Saturday, September 5, 2009

A Wave of Life

Most Westerners associate Zen and poetic art. I would caution against assuming that the connection is absolute. There’s nothing intrinsically Zen in any art, inspite of the way some seem to reflect Zen principles. It is man who brings Zen to the art he practices.

Roshi Gempo Nakamura is a 20th century Chinese philosopher, and an expert in Chinese literature, especially Zen poetry. Zen is a popular word today. It is used to express thoughts that are not perceived as rational. Westerners find Zen in gardens, art, homes and offices. Zen is not a reflection, it is action. It is the action of consciousness expanding in its own awareness. Zen is irrational. Zen is the action of consciousness without logical thoughts.

Zen is not found in the illustrations or images of it. It is action without assertion. It is void, but always filled with energy. Zen is never captured; it is only experienced. When there is not time to build thoughts or recall memories there is Zen, but as we put these images in words Zen disappears. Meaning and reasoning represent something other than themselves; they are the echo of Zen not the action of Zen. Zen poets through the centuries use words and phrase that are illogical and void of reason in order to grasp the act itself, not the words.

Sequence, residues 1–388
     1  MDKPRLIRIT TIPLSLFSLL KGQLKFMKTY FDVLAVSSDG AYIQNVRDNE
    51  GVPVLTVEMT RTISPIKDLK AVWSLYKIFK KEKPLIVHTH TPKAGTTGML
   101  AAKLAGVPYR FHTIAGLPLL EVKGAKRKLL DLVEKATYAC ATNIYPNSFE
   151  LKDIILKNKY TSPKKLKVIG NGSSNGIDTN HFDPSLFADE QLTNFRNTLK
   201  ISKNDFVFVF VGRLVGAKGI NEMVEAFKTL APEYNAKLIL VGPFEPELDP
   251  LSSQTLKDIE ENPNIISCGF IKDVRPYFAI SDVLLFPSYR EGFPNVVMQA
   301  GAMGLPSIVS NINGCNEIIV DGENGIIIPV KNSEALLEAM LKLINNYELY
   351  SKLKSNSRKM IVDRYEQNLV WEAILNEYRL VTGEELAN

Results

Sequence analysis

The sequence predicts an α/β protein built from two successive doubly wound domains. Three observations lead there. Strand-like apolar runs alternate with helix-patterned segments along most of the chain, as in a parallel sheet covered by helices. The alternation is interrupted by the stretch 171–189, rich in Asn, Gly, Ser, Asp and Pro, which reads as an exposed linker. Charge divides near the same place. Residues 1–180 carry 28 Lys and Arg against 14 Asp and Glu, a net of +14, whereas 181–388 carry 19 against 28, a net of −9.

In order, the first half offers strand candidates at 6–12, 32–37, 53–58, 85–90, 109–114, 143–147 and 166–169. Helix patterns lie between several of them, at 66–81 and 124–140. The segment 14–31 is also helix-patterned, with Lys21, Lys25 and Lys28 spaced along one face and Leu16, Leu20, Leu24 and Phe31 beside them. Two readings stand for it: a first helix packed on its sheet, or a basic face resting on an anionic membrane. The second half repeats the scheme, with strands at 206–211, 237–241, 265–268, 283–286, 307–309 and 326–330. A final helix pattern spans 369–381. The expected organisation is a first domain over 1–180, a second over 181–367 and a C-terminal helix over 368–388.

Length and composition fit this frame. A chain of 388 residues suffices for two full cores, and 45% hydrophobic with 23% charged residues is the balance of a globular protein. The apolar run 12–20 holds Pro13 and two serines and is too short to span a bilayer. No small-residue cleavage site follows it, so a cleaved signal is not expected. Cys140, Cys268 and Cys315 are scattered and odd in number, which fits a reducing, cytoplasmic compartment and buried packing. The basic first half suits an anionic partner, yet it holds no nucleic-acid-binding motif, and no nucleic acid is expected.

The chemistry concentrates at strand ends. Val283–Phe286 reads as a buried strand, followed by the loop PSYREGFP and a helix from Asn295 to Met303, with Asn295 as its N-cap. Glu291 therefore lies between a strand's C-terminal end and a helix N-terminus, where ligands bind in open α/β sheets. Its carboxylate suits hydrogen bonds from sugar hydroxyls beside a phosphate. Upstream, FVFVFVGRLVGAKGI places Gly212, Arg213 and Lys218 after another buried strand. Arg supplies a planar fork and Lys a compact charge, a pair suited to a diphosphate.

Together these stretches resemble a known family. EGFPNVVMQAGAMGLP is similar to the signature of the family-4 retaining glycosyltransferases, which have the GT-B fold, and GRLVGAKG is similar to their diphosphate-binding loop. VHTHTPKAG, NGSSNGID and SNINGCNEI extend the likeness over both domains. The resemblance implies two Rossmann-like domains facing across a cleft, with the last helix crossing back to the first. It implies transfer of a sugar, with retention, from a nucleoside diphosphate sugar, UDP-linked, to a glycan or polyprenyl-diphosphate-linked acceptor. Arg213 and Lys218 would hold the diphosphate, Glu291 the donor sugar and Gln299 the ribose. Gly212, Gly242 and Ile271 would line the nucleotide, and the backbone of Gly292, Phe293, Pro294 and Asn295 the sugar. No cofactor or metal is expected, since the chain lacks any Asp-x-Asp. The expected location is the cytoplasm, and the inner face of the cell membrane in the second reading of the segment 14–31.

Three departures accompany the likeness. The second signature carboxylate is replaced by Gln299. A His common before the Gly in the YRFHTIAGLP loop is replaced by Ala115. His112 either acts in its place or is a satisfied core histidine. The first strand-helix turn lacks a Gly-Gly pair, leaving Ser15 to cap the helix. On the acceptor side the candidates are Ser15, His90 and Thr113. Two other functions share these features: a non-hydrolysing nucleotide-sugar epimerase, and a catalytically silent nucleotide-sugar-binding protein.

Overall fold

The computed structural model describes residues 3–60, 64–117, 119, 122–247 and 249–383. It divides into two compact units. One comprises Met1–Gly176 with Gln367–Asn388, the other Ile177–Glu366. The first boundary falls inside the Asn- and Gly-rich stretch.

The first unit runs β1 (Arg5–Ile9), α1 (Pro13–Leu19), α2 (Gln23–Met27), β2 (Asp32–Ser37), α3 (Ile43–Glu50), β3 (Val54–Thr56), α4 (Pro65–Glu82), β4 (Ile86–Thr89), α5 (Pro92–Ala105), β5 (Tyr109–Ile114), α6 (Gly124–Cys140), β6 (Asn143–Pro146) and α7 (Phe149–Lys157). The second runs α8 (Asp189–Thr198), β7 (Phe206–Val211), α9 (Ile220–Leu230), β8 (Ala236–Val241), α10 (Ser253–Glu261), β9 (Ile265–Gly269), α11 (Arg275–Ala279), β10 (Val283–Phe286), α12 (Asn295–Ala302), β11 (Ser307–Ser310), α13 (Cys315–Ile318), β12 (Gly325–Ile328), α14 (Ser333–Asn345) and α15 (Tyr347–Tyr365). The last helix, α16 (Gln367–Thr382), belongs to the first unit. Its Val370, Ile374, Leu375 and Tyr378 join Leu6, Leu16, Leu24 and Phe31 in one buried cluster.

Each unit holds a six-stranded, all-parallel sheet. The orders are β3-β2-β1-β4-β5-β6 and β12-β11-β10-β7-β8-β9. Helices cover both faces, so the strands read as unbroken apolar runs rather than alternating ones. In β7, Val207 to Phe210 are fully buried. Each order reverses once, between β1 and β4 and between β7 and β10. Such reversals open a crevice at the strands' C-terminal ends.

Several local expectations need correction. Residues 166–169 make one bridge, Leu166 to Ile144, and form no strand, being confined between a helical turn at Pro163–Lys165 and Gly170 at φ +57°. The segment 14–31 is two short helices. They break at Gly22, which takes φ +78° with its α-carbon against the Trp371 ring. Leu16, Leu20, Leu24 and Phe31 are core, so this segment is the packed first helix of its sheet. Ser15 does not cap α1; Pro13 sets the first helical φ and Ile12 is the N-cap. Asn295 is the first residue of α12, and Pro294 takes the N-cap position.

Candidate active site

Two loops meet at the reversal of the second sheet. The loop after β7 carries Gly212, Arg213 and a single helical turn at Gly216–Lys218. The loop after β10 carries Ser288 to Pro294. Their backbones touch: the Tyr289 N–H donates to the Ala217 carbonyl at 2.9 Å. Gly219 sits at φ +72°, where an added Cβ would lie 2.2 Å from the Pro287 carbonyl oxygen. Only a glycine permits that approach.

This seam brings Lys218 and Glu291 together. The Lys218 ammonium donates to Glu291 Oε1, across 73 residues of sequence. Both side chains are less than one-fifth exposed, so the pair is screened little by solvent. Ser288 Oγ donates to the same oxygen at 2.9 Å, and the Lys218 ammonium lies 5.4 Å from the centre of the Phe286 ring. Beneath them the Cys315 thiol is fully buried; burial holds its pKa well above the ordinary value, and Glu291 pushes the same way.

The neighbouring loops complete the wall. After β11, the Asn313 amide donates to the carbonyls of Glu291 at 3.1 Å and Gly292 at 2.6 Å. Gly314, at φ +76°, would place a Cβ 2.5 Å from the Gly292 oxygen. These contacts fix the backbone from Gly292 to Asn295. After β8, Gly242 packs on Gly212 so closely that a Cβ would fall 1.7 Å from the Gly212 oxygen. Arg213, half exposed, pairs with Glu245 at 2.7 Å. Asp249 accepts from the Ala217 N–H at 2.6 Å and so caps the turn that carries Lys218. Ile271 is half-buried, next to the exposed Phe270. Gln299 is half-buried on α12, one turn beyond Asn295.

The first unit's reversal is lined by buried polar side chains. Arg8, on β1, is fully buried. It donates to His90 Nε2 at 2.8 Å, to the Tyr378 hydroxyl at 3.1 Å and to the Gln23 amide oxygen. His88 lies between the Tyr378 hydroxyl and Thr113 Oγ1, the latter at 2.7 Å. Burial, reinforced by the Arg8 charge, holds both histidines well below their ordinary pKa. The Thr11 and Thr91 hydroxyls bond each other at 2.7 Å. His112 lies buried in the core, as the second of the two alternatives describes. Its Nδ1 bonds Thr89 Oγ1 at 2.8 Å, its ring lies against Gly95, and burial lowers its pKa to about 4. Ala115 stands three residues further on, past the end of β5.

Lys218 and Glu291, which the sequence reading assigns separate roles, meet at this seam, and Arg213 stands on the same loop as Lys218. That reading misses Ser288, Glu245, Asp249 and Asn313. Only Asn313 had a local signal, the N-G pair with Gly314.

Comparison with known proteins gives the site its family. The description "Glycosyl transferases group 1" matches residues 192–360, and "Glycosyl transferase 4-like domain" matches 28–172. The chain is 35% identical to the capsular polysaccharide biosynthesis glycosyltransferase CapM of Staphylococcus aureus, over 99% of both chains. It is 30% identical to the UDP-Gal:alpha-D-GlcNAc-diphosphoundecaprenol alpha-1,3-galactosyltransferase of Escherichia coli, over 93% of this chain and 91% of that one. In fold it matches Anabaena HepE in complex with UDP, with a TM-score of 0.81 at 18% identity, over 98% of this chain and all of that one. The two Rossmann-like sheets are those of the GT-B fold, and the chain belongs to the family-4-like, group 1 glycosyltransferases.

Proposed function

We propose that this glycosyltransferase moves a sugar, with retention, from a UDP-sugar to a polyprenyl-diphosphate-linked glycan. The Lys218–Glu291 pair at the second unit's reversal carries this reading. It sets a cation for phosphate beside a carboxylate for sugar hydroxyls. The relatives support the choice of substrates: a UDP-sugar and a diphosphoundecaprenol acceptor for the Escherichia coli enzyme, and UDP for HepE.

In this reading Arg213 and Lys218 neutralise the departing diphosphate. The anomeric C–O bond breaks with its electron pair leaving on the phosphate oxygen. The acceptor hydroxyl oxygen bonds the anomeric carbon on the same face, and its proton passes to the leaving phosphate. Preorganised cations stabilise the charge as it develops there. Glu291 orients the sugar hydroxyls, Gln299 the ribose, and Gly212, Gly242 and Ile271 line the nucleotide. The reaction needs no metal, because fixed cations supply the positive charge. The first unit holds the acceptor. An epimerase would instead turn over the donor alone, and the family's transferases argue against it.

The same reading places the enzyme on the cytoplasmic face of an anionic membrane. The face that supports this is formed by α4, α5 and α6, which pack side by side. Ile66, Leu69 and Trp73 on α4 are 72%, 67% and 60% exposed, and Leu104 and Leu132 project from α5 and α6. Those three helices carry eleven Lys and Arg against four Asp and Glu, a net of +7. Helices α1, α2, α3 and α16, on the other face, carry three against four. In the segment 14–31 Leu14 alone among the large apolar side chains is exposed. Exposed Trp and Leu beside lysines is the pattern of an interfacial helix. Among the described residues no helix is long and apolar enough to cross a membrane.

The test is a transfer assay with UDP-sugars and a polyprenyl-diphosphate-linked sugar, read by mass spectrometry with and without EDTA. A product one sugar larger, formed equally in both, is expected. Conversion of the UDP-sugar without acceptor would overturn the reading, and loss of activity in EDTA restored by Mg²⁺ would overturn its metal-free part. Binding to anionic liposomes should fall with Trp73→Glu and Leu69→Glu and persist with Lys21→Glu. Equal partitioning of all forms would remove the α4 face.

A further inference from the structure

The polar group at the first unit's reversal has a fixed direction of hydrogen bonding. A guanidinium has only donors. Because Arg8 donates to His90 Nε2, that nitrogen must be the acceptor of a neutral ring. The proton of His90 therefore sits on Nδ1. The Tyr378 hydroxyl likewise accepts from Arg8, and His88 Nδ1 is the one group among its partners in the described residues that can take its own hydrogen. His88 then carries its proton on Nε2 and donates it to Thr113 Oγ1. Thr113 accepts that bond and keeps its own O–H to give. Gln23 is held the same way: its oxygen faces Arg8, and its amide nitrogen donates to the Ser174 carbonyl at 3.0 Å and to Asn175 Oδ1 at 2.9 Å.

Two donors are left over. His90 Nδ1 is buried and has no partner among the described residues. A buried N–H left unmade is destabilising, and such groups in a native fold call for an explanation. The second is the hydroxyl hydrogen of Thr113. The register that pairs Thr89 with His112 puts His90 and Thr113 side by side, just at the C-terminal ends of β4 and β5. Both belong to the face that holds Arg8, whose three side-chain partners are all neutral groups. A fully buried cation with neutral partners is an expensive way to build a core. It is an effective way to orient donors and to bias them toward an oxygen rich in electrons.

Our Zen nature rests in a babbling brook, a singing bird, or a blossoming flower.

Another Chinese Zen master explains Zen this way:

"How were things before the appearance of Zen in the world?” The Chinese master answers by raising his cane. “How were things after the appearance of Zen?” The Chinese master again answers by raising the same cane.

The master’s cane defines the action and the truth of Zen.

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